Dacia Duster Laureate dCi 110 4x4 - First Drive

 

Engine: 1.5-litre four-cylinder turbo-charged diesel

Transmission: six-speed manual gearbox

Power: 109 PS @ 4,000 rpm

Torque: 240 Nm @ 1,750 rpm

Fuel consumption (combined cycle): 53.3 mpg

CO2 emissions: 137g/km

Top speed: 104 mph

Acceleration (0-62 mph): 12.5 seconds

Price: £14,995 (car tested had optional traction control/stability control at a cost of £350)

The Dacia Duster SUV doesn’t officially arrive in the UK until next year but it’s already attracted more than its fair share of attention – and that’s down to what its makers are calling its “shockingly affordable“ pricing, which starts at just £8,995.

The Dacia brand is still unfamiliar to most UK buyers but the company first started making Renaults under licence in its native Romania more than forty years ago, and has been under the direct control of the French group since 1999. Renault has revitalised Dacia by investing in new models and has pushed international sales heavily as well. The main focus so far has been on Eastern Europe and emerging markets, but Dacia has also built up a strong following in France, Germany and some other Western European countries.

Previous plans to introduce Dacia to the UK were delayed – currency fluctuations and a lack of production capacity for right-hand drive models were among the reasons – but now the cars will arrive early next year. The Duster will be joined by a second model, the Sandero, a five-door hatchback with prices starting at less than £6,000 – if anything that’s even more “shockingly affordable” compared with its rivals than the Duster.

I had the chance to sample briefly a left-hand drive Duster Renault has brought into the country as a demonstrator in advance of the arrival of UK-spec cars – and I was impressed. There’s no getting away from the fact that the interior of the car I drove felt a bit bare; the radio, for example, was a standard DIN-sized affair rather than an integrated unit, although Renault says that right-hand drives will get an improved dashboard.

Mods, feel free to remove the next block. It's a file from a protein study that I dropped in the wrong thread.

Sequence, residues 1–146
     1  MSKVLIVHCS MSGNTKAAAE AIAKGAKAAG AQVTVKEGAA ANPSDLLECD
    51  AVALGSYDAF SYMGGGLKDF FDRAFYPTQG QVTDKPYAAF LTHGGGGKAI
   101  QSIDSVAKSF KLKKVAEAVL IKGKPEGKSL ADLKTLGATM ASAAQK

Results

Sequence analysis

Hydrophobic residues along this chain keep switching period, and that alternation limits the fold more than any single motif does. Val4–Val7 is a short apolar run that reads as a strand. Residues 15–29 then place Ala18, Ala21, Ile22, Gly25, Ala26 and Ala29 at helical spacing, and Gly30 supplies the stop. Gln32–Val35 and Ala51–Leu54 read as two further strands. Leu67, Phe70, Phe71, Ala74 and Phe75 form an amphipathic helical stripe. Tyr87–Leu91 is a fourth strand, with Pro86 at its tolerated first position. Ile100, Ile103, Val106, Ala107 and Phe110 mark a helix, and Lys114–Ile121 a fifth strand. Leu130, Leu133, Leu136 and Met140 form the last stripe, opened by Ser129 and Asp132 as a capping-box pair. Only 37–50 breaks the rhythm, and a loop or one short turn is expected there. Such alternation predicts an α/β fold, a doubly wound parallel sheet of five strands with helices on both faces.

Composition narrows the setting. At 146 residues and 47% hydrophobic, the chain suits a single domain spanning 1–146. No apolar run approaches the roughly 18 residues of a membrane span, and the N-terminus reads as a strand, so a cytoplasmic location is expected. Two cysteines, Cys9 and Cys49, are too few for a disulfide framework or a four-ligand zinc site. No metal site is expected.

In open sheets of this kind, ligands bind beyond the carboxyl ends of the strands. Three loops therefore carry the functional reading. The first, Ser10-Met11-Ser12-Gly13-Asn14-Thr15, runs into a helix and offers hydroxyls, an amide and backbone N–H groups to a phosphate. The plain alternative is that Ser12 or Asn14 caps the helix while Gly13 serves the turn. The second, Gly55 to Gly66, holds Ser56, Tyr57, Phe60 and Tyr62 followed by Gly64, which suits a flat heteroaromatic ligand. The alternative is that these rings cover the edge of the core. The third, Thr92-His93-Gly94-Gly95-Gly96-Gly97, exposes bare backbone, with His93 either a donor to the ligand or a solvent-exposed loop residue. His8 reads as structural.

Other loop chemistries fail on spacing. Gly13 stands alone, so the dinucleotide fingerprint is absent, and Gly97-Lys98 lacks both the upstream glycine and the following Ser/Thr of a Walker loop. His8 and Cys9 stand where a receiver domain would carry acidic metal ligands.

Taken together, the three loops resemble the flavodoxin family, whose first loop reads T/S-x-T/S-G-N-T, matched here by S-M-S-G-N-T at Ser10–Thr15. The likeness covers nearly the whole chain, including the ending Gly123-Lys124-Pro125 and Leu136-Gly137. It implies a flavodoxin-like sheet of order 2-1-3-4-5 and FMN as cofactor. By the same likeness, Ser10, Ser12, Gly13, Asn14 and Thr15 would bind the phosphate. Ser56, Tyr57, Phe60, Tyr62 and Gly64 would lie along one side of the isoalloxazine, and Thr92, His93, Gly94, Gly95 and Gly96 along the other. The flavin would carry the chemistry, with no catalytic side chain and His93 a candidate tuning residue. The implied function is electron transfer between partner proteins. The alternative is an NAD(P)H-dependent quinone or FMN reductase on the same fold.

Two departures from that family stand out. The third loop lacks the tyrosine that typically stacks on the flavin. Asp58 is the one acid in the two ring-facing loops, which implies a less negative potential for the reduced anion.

On the other hand, the Duster felt pretty sound when it came to the fundamentals – the chassis seemed well sorted, at least in the basis of fairly brief acquaintance, and the diesel option, fitted to our test car, is a version of Renault’s smooth and widely used 1,461 cc unit that is found in many Meganes, Clios and the rest, as well as some versions of the Mercedes A-Class, thanks to an agreement between Mercedes and the Renault-Nissan alliance.

One thing to watch out for - the attractive entry-level price is for a very basic, two-wheel drive petrol-engined model. Go for four-wheel drive, a bit more equipment and the diesel option that many prefer for an SUV, and your Duster can end up costing you quite a bit more. Our test car would cost over £15,000 in UK trim – still good value for money, but a lot more expensive than the headline entry-level price. Bargain hunters who don’t intend to head off road might be better off looking at the Duster’s stablemate, the Sandero, which has a much shallower price gradient as you work your way up through the range, and tops out at less than £10,000 unless some of the pricier individual options are chosen.

The UK consumer organisation Which? has criticised the Duster’s middling three-star Euro-NCAP safety rating, and it’s difficult to say at this stage whether this will dent its appeal. It’s worth pointing out that while most small 4x4s achieve four and five-star ratings in the same tests, one rival, the Jeep Compass, scores only two stars, and the car with which the Duster is most likely to be compared, Ssangyong’s keenly-priced Korando, hasn’t yet been tested at all.

One issue is the role of electronic stability control (ESC), which is increasingly fitted as standard on cars sold in Europe, but is only available as an option on diesel Dusters. ESC was fitted to the car used for our review but not put seriously to the test, and it will be interesting to see whether Renault considers tweaking the Duster’s spec prior to its arrival in the UK, a common response to issues of this sort highlighted in early tests by Euro-NCAP or car magazines. ESC and traction control are fitted as standard to the smaller Sandero.

Overall, though, a brief initial taste of the Duster suggests that it should find plenty of takers in the UK. Dacia’s place within the Renault group is often compared with that of Skoda in the Volkswagen empire but while Skodas have been getting increasingly sophisticated, Dacia has stuck resolutely to its budget roots. The emerging Korean brands, Kia and Hyundai, have also, with some justice, been raising their prices as their cars have improved, opening up some space in the market to be taken up by Dacia – if the product is right. So far the evidence is encouraging.

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